728 x 90

Preserving an important community facility

img

With the COVID-19 pandemic, the Veterans Community Hall (VCH) hasn’t been seeing as much use as usual, but it continues to be a hub of the community, with multiple gathering spaces that have been used for decades and commercial kitchen that allows for professional caterers and food manufacturers to rent and benefit their businesses.
As a hub, it’s important that it remain relevant to the needs of the community, with updates and upgrades that either freshens up the space or provides new or different functions, making it an attractive facility that residents can be proud to use.
Those that haven’t been in the VCH in a while but have driven passed may have even noticed a brand new sign identifying the facility, complete with lighting to illuminate it after twilight. But, there has been plenty of work going on inside as well that some people may not have noticed or may not even have had opportunity to realize.
“When I first came on in 2014, we purchased tables and painted the building with the help of my former boss from Pizza Place, who donated her time to help me paint the main hall area,” said VCH Manager Lana Graham. “Thirty of the 60 tables were purchased with help from the community, and the other 30 by the Town.
“Over the years, we purchased 22 60-inch round tables that we use as rental revenue and it works really well. People really like that conversation flow of a round table option rather than a rectangular table.”
In the last year or so, the number of improvements that have been made to the facility have been extensive, with renovated bathrooms on both sides of the hall, new flooring and lighting in the stage area, a new island counter, cooler, lockable window shutters, and fountain drink machine in the bar, a new sound system and projector, and a new drop ceiling system in the Food Processing Centre (FPC). All of the improvements are to meet either modern building codes, modern design, or the present functional needs of the facility.
“The (Swan River Kinsmen Club) donated the funds to resurface the island with a whole new countertop,” said Graham. “They also donated the two-door bar cooler that they can put beverages in, which works really well because before that, people were using buckets with ice. So that cooler has been a great asset to us.”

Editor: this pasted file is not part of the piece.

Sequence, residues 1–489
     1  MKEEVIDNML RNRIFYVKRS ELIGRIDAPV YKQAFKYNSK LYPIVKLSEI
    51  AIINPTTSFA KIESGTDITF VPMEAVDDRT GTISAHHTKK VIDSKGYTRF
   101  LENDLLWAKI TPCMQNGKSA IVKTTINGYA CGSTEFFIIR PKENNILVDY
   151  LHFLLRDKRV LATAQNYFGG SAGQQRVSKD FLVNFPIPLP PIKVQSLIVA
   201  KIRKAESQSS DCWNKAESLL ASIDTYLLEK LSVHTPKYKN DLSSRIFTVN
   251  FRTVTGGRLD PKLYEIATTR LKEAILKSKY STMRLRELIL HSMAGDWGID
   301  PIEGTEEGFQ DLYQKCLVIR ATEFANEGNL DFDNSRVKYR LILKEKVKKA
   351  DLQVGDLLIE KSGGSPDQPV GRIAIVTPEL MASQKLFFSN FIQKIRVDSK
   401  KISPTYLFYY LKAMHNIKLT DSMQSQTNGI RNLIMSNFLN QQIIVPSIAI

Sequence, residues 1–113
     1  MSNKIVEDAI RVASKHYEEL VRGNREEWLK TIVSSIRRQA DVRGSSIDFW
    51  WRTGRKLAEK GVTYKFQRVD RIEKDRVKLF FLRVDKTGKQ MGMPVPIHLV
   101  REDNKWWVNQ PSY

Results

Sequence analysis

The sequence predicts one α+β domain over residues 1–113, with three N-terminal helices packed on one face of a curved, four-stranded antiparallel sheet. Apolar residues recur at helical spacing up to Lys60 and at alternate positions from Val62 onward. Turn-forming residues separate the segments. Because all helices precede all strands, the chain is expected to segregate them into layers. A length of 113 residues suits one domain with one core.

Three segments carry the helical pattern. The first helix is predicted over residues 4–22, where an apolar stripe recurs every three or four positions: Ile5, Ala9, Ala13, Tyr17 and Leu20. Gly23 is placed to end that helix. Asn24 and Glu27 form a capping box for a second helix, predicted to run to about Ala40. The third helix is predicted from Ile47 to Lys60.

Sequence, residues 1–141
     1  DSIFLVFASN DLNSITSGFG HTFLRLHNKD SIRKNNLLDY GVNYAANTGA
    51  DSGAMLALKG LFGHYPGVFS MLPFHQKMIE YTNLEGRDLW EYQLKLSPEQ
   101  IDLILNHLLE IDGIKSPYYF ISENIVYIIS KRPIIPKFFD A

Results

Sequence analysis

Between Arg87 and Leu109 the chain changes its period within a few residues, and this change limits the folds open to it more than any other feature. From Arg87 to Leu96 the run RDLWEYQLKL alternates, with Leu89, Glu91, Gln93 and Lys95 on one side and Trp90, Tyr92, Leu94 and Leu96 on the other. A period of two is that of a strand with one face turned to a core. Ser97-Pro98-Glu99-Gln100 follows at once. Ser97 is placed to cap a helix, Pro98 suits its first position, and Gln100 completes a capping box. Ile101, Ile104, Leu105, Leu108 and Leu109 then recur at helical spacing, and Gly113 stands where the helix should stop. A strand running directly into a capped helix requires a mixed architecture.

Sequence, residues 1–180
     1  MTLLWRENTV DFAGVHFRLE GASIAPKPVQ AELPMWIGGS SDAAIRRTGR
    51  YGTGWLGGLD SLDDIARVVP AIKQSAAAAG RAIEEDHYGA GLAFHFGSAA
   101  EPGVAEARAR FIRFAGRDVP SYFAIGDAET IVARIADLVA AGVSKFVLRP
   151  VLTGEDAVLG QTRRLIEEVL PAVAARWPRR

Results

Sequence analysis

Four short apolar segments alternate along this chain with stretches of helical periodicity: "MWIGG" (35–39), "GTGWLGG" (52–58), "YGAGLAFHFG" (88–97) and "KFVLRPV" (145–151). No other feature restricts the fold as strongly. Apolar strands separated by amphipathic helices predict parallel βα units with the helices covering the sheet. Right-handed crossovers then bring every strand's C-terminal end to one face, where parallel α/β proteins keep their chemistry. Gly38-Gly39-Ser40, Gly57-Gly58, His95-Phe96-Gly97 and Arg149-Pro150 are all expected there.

Even though the VCH has been owned by the Town of Swan River after being handed over by the Royal Canadian Legion, municipal taxpayer dollars have had little to do with the majority of the upgrades, with Graham either applying for multiple grants or through generous donations from non-profit and charity organizations.
“The Valley Stage Players donated the funds for us to upgrade our sound system,” said Graham, noting how the modern equipment allows people to plug in their mobile devices to easily play music.
“Our old sound system was really dated and this new one works great for lots of different things. I know there were weddings where previously people couldn’t hear from the microphones and there is nothing worse than going to an event and not being able to hear what’s going on. You miss the experience.”
Graham noted that the Valley Stage Players also used the proceeds from their production to upgrade the lighting on stage as well, switching from hot flood lamps to LED lights.
Another notable donation was for the outdoor sign, in which the majority of the funds needed for that upgrade came from the Doc Walker concert which took place earlier this year, in which they gave the VCH a portion of ticket sales instead of just renting the facility.
“It turned out that we made way more money than we would have had if we just rented to them,” said Graham. “They said that this was something that they wanted to do on this tour in these small communities because they wanted to be able to give back and leave an impression wherever they went, hoping that the money would go to something in these venues.”
The Swan Valley Outdoors Association also left their mark by donating money towards a projector – something the facility lacked completely before.
“(Using that for) their live auction worked fantastic and they were really happy with how that went last year with their auction,” said Graham. “The Crown land auction came in here too for the first time this year. They loved it and they couldn’t believe that we had a facility that had that option for them. So, it’s exciting to see that we’re growing, meeting customers need, excelling in some ways and surprising them.”
The grants that have been available to improve the FPC have also helped in making the hidden gem of the VCH even more of a valuable resource to caterers and food manufacturers, including the small Smak Dab company that produces a line of gourmet mustard which still makes all of its product in Swan River despite owner Carly Minish-Wytinck residing in Winnipeg.
Graham explained that the original ceiling tiles that existed in that space were residential tiles, unsuitable for a commercial food preparation space.
“The tile that it was replaced with when it had to be food-grade was a drywall tile, which is extremely heavy, so over the course of time the (tracking) buckled, twisted and bent,” she said. “We were fortunate enough now to keep using the existing tiles, but we’re putting in all new track, reinforced with the right weight for the existing drywall tile.”
Graham continues to keep her eye on improvements that can be made to the VCH, always looking for funding sources and finding ways to stretch the dollars for the project in mind, in an effort to make the VCH the best community hall it can be.

img
Jeremy Bergen
REPORTER
img